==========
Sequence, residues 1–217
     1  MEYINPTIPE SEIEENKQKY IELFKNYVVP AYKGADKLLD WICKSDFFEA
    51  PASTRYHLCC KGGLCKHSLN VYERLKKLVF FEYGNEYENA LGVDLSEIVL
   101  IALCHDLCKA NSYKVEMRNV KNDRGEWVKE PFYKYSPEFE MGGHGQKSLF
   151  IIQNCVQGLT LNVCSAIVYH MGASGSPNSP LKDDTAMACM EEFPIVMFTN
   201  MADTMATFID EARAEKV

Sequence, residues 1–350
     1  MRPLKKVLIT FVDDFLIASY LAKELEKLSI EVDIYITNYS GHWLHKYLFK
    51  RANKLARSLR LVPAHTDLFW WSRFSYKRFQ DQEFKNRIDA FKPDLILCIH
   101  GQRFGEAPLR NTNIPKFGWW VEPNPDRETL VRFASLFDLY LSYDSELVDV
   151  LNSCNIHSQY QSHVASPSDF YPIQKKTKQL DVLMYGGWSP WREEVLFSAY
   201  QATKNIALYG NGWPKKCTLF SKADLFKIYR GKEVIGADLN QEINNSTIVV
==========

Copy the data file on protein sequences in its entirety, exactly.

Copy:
Sequence, residues 1–217
     1  MEYINPTIPE SEIEENKQKY IELFKNYVVP AYKGADKLLD WICKSDFFEA
    51  PASTRYHLCC KGGLCKHSLN VYERLKKLVF FEYGNEYENA LGVDLSEIVL
   101  IALCHDLCKA NSYKVEMRNV KNDRGEWVKE PFYKYSPEFE MGGHGQKSLF
   151  IIQNCVQGLT LNVCSAIVYH MGASGSPNSP LKDDTAMACM EEFPIVMFTN
   201  MADTMATFID EARAEKV

Sequence, residues 1–350
     1  MRPLKKVLIT FVDDFLIASY LAKELEKLSI EVDIYITNYS GHWLHKYLFK
    51  RANKLARSLR LVPAHTDLFW WSRFSYKRFQ DQEFKNRIDA FKPDLILCIH
   101  GQRFGEAPLR NTNIPKFGWW VEPNPDRETL VRFASLFDLY LSYDSELVDV
   151  LNSCNIHSQY QSHVASPSDF YPIQKKTKQL DVLMYGGWSP WREEVLFSAY
   201  QATKNIALYG NGWPKKCTLF SKADLFKIYR GKEVIGADLN QEINNSTIVV